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Why does the IRS file liens? And what you can do about one.

Manos Legal Services > Bankruptcy  > Why does the IRS file liens? And what you can do about one.

Why does the IRS file liens? And what you can do about one.


The obvious reason the IRS files a lien is because someone owes it money.  If you have a lien filed against your property the IRS is attempting to collect a debt. It could be an aggressive or passive collection attempt but the lien signals the existence of a debt. Whenever you face debt collection consider your options, including the possibility of bankruptcy.
For a greater understanding, first let’s briefly examine what is a lien.  A lien creates a right to keep possession of property belonging to another person until a debt owed by that person is paid.  Most liens do not involve keeping possession of property, but involve a notice to everyone that ownership or use of the property is restricted by the debt.  This is called an encumbrance and it restricts the ability to enjoy the use of the property and lessens the property value.
When the IRS files a lien that lien serves as notice that the IRS has placed an encumbrance on someone’s property. A lien that is properly perfected, in other words is filed properly, allows the lien holder to seize and sell property to pay a debt.
What does a lien cover?  An IRS lien encumbers all of your assets, including houses, cars, real estate, bank account, that you own at the time the lien is filed and that you acquire while the lien is still in place.
How long does an IRS lien last? The lien itself lasts for 10 years or until the debt is satisfied.  If the IRS sues in court it can obtain a judgment on the debt that could last longer than the 10 year lien limit.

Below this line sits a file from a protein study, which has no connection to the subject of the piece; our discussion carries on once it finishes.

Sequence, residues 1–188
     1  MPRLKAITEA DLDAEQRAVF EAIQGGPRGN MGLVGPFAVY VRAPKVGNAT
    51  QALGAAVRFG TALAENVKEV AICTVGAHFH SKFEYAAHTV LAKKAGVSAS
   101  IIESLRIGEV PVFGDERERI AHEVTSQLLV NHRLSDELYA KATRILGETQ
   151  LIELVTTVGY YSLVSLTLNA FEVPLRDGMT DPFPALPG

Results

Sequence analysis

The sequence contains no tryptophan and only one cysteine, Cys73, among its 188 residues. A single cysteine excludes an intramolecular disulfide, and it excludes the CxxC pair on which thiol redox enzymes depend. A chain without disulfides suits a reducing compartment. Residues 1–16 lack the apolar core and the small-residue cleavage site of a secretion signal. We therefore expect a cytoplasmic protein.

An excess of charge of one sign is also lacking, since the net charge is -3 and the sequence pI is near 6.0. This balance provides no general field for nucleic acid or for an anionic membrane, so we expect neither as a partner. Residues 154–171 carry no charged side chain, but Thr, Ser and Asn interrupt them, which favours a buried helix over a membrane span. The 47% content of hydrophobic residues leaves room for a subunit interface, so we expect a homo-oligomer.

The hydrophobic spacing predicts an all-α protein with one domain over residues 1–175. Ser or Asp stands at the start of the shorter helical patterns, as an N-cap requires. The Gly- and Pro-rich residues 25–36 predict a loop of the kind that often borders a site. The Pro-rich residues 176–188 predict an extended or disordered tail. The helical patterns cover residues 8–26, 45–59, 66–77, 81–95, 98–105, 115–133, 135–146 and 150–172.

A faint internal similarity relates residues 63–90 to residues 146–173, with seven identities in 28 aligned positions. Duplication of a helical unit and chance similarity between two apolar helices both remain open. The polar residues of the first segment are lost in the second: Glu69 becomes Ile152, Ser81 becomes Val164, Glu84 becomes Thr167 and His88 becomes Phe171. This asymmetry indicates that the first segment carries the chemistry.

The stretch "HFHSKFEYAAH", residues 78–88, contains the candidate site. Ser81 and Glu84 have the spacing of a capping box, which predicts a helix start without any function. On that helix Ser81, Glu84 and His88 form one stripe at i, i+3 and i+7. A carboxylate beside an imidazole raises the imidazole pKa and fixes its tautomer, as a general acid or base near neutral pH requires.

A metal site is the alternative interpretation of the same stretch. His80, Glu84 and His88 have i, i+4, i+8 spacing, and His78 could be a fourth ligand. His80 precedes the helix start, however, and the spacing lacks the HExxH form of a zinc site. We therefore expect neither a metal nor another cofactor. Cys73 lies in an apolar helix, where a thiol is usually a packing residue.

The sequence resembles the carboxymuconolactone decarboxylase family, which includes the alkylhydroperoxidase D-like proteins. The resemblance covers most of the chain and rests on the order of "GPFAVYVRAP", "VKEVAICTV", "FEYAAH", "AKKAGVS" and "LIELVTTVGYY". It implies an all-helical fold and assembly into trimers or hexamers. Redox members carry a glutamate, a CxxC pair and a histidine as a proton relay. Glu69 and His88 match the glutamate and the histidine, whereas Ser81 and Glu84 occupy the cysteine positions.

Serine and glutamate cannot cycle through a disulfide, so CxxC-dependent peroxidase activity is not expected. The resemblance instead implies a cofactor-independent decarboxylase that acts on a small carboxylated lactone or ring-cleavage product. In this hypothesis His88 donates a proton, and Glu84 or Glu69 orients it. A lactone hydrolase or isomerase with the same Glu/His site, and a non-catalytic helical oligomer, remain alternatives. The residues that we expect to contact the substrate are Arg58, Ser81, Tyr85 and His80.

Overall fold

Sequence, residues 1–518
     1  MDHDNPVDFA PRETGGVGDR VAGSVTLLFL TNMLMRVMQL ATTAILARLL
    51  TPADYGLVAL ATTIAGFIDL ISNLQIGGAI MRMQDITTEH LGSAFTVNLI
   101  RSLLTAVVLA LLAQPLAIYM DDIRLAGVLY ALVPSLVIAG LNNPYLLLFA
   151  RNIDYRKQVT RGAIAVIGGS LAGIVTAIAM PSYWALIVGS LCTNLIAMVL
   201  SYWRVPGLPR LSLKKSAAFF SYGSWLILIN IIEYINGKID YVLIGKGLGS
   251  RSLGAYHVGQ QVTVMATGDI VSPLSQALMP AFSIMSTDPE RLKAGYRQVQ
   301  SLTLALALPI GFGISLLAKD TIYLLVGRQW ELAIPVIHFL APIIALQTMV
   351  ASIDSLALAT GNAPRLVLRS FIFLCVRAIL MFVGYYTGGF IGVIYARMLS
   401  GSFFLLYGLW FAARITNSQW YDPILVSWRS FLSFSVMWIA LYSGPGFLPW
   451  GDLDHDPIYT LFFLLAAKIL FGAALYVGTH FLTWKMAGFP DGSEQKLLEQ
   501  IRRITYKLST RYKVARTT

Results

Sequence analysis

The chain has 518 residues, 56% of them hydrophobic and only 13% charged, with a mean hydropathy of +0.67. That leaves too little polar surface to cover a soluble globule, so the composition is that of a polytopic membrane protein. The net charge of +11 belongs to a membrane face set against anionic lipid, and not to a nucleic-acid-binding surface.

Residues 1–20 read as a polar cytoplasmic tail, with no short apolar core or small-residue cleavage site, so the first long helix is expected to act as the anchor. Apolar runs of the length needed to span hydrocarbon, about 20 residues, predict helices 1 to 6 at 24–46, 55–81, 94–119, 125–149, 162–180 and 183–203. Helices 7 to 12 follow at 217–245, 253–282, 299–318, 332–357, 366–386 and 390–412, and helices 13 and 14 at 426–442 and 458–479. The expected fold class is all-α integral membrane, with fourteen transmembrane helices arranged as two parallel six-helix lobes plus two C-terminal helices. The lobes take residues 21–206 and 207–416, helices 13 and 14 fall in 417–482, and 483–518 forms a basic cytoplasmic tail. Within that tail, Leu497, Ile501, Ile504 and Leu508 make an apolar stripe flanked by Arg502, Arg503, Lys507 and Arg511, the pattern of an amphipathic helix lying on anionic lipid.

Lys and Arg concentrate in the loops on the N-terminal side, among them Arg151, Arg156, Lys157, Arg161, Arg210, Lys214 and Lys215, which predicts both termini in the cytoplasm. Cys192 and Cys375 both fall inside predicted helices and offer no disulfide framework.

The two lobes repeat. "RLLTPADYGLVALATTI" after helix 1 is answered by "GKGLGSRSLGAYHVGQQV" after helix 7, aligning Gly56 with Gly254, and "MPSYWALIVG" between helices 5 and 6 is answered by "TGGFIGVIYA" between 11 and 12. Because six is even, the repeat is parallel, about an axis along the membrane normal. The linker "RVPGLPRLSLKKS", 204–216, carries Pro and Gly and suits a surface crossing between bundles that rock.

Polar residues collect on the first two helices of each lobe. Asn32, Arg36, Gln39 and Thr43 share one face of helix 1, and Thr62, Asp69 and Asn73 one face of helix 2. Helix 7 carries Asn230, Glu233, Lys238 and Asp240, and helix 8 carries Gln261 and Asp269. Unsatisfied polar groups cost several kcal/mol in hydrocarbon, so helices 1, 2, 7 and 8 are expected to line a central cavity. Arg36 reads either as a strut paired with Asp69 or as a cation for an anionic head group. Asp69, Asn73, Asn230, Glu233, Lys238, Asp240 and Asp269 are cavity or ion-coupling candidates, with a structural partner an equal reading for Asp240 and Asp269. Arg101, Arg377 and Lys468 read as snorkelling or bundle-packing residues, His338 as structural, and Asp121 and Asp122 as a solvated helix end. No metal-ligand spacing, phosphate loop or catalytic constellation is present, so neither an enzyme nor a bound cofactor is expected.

Is anything protected from a lien?  Yes, federal law limits the type of property that can be seized, some things are protected up to a certain dollar amount and other things that are reasonable or necessary are exempt from levy.  The following is a partial list of stuff that is protected from levy:

Clothes and school books;
$6,250 of household food, furniture, personal effects;
Books and tools for business or trade up to $3,125;
Unemployment benefits;
Undelivered mail;
Certain retirement or annuity pay under the Railroad Retirement Act, Railroad Unemployment Insurance Act;
Special pension payments by military Medal of Honor holders;
Workers compensation;
Child support;
A minimum amount of wages earned from a job;
Military service connected disability payments;
Certain public assistance.

The above information is not exhaustive, and as is the case with many laws, certain exceptions apply.
What can you do about an IRS lien?  Options include determining whether you owe the debt; evaluating whether your property is exempt from levy or whether some or all of your assets are exposed to collection; negotiating payment of the debt and satisfaction of the lien with the IRS; or consider filing bankruptcy.
How does bankruptcy treat an IRS lien?  A properly perfected lien gives the IRS a secured claim against property. Depending on the circumstances of a particular case, including the amount of the debt, the value of the property, and the nature of the IRS debt, either the lien or the debt, or both, could survive a bankruptcy case and remain in effect.
For more information look to 26 U.S. Code 6334 or contact a bankruptcy lawyer.


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